I made this point in this month's cover story of Law Office Computing, "Read All About It - Effective e-newsletters take  the marketing lead ."  If you're a subscriber and have this month's password, just Read All About It to read the article,

E-newsletters still work and often are superior marketing and value-added vehicles because:

  • An e-newsletter still is the fastest and most personal way to deliver a marketing message to clients and prospects.
  • They are the most cost-effective form of "push" marketing. A newsletter that must be printed and mailed not only is more expensive, but also takes longer to produce and mail.
  • They easily show return on investment by measuring the number of messages opened, what elements the recipient read and whether the destination address was correct. Web sites and blog traffic reports come close, but can't match this detailed measurability.
  • Corporate general counsel list e-newsletters as one of the top 10 things they want to see on a law firm Web site, according to TouchPoint Metrics of San Rafael, Calif.
  • E-newsletters still take advantage of viral marketing in that they are easy to forward. The Professional Marketing e-Newsletter (which I publish) has an open rate of 126 percent, meaning more people read it than actually subscribe to it because it's passed along to others.
  • E-newsletters are the best way to find out exactly who visits your Web site. The Web site log will reveal the Internet Protocol addresses of visitors, but a newsletter sign-up form on a firm Web site can capture the person's name, e-mail address and demographic information.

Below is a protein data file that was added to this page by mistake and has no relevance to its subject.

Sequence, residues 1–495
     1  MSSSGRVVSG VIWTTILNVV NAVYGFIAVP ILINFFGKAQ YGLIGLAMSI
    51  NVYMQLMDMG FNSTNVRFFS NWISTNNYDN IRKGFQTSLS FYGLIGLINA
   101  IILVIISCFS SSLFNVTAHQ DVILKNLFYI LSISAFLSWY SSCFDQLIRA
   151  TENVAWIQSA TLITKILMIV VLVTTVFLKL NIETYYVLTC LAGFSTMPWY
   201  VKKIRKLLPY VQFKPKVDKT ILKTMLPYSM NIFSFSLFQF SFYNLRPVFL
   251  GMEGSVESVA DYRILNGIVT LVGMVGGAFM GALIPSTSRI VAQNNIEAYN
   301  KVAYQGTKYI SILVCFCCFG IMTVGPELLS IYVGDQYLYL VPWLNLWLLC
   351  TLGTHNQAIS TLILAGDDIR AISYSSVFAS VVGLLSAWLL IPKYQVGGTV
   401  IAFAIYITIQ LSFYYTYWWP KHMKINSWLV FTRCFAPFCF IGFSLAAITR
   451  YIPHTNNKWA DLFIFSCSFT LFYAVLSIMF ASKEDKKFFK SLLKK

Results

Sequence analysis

• By following best practices, e-newsletters manage to get through the recipients' firewalls, spam filters and technical roadblocks because they come from a trusted source or have been whitelisted by recipients.
  • E-newsletters offer the colorful beauty and design of Web sites and magazines by using HTML coding.

Don't Blog About the Office

Dilbert2_2If you're thinking about blogging about what's going on in the office, post this Dilbert cartoon on the edge of your screen. Unless the firm has a blogging policy and you're complying with it, you are risking your livelihood.

I'm reminded of the term DOOCED, which means to lose one's job because of one's blog. The term was coined when Heather Armstrong, a Web designer in L.A. ( blogged about the firm's holiday party. She recounted what intoxicated people said, called one co-worker "Supher Human Puker," and made a comment about the Asian database administrator who had passed out."

She got Dooced.